definite and concrete, touching the legal relations of parties having adverse legal interests. It must be a real and substantial controversy admitting of specific relief through a decree of conclusive character.
As far as his claim touches the governmental defendants, however, he fails this test. Fleming is merely seeking a declaration that he was once injured, and an order barring these defendants from acting in similar fashion in the future. To have an actual controversy, however, the legal interest to be vindicated "must be more than simply the satisfaction of a declaration that a person was wronged." Cox v. Phelps Dodge Corp., 43 F.3d 1345, 1348 (10th Cir. 1994) (citing Ashcroft v. Mattis, 431 U.S. 171, 172-73, 97 S.Ct. 1739, 1740, 52 L.Ed.2d 219 (1977)). Likewise, "past exposure to illegal conduct does not in itself show a present case or controversy regarding injunctive relief . . . if unaccompanied by any continuing, present adverse effects." Renne v. Geary, 501 U.S. 312, 321, 111 S.Ct. 2331, 2338, 115 L.Ed.2d 288 (1991) (citation omitted).
Williams v. Johnson, 386 F. Supp. 280 (D.Md. 1974), arose when a garagemen sold an automobile for nonpayment of storage charges. Id. at 283. Acting pursuant to state law, Maryland officials issued a new certificate of title to the car without affording the true owner an opportunity to be heard. Id. The owner of the car filed suit against all parties involved, seeking a declaration that his rights to due process had been violated. Id. However, he promptly reached a settlement with the garageman and the purchaser. Id. Thus, all that remained was a claim for a declaratory judgment that the Maryland procedure was unconstitutional. Id. In light of the settlement, the Williams court held that the case was moot. Id. at 287.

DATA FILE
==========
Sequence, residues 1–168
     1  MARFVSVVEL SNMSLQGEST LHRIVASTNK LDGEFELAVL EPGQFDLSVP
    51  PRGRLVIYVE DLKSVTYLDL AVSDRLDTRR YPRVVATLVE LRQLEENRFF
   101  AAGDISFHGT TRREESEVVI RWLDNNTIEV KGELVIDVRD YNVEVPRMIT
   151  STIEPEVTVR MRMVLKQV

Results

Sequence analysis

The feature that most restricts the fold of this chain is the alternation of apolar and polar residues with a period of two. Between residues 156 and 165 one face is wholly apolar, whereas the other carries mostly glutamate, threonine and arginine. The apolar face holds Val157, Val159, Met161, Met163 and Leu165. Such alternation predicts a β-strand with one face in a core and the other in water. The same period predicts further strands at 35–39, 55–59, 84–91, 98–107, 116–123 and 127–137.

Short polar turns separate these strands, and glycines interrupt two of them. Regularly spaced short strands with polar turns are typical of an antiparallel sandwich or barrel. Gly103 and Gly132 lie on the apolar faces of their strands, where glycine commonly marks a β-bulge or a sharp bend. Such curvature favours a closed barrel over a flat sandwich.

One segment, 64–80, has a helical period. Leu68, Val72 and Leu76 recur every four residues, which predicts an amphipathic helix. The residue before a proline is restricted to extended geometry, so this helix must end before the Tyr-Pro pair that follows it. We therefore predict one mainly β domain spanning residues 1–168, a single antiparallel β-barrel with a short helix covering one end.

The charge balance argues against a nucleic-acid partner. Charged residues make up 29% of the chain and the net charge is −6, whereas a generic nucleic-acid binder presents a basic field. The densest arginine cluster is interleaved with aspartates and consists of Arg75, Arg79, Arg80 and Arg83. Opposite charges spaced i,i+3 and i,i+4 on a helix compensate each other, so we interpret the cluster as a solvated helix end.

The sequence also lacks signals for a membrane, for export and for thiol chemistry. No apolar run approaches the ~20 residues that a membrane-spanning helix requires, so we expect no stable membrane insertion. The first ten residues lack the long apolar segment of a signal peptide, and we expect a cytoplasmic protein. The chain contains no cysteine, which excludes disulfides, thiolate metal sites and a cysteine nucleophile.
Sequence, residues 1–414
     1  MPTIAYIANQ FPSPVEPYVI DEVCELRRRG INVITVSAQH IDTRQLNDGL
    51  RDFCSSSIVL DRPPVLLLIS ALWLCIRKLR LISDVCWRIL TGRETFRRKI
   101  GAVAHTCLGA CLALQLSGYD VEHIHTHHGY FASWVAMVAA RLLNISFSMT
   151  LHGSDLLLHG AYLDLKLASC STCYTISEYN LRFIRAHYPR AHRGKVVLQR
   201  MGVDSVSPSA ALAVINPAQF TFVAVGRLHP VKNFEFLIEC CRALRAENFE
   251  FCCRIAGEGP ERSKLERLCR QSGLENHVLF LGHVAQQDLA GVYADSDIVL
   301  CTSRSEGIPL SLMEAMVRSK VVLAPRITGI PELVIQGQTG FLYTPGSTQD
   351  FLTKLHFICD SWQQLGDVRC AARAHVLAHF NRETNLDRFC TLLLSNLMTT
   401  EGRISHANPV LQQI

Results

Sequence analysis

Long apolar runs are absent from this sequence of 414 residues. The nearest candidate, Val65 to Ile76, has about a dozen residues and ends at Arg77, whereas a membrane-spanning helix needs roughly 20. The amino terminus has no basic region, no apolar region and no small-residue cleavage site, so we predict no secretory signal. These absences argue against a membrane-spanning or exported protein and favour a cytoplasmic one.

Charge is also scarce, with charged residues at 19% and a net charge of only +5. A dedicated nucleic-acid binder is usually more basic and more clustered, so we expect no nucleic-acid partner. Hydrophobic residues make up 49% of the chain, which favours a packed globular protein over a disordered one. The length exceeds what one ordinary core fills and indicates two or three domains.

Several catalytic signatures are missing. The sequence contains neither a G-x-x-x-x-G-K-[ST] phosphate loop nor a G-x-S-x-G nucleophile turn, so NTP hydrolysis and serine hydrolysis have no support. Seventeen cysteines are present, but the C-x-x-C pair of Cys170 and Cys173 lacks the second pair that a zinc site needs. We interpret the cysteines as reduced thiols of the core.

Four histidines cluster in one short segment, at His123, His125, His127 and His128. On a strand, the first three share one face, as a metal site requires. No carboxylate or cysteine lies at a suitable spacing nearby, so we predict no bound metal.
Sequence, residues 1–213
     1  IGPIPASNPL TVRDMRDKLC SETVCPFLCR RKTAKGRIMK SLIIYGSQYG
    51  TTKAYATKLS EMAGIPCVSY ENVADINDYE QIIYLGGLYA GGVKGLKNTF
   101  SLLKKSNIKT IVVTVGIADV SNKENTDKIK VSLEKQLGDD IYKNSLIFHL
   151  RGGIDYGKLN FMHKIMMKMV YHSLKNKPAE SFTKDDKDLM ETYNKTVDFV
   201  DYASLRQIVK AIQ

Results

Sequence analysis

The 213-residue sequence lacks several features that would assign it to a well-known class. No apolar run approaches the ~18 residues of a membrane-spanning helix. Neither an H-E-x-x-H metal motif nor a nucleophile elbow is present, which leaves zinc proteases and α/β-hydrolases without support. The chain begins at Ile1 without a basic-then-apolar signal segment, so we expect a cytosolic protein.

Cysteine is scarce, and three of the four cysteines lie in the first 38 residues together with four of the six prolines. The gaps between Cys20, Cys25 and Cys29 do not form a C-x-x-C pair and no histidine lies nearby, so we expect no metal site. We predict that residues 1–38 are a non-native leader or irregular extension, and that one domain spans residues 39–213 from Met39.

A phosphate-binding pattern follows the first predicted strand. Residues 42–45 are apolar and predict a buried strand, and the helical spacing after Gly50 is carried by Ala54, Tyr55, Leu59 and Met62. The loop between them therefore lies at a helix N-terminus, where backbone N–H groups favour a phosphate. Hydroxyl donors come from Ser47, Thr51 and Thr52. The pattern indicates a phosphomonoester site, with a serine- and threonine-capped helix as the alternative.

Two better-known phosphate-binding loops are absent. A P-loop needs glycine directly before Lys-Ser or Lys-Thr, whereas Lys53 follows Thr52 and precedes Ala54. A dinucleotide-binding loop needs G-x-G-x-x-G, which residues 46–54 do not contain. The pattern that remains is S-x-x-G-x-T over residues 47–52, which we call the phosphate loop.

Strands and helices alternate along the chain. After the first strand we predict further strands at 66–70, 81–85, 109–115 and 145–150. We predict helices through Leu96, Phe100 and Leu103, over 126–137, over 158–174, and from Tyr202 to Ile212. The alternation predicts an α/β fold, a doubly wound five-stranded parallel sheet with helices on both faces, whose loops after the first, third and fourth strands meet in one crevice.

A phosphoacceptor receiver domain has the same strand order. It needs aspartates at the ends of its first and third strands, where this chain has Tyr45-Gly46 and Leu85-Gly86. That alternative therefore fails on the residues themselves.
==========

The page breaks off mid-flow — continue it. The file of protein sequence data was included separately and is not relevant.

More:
This case compels a similar result. It is academic whether Fleming's rights were violated by the suspension of his benefits, because his award has been fully restored. Thus, Fleming's claims for declaratory and injunctive relief are moot. See Watkins v. Chicago Housing Auth., 406 F.2d 1234, 1237 (7th Cir. 1969) (restoration of public housing residents to their homes extinguished any controversy between parties and mooted claim for declaratory and injunctive relief).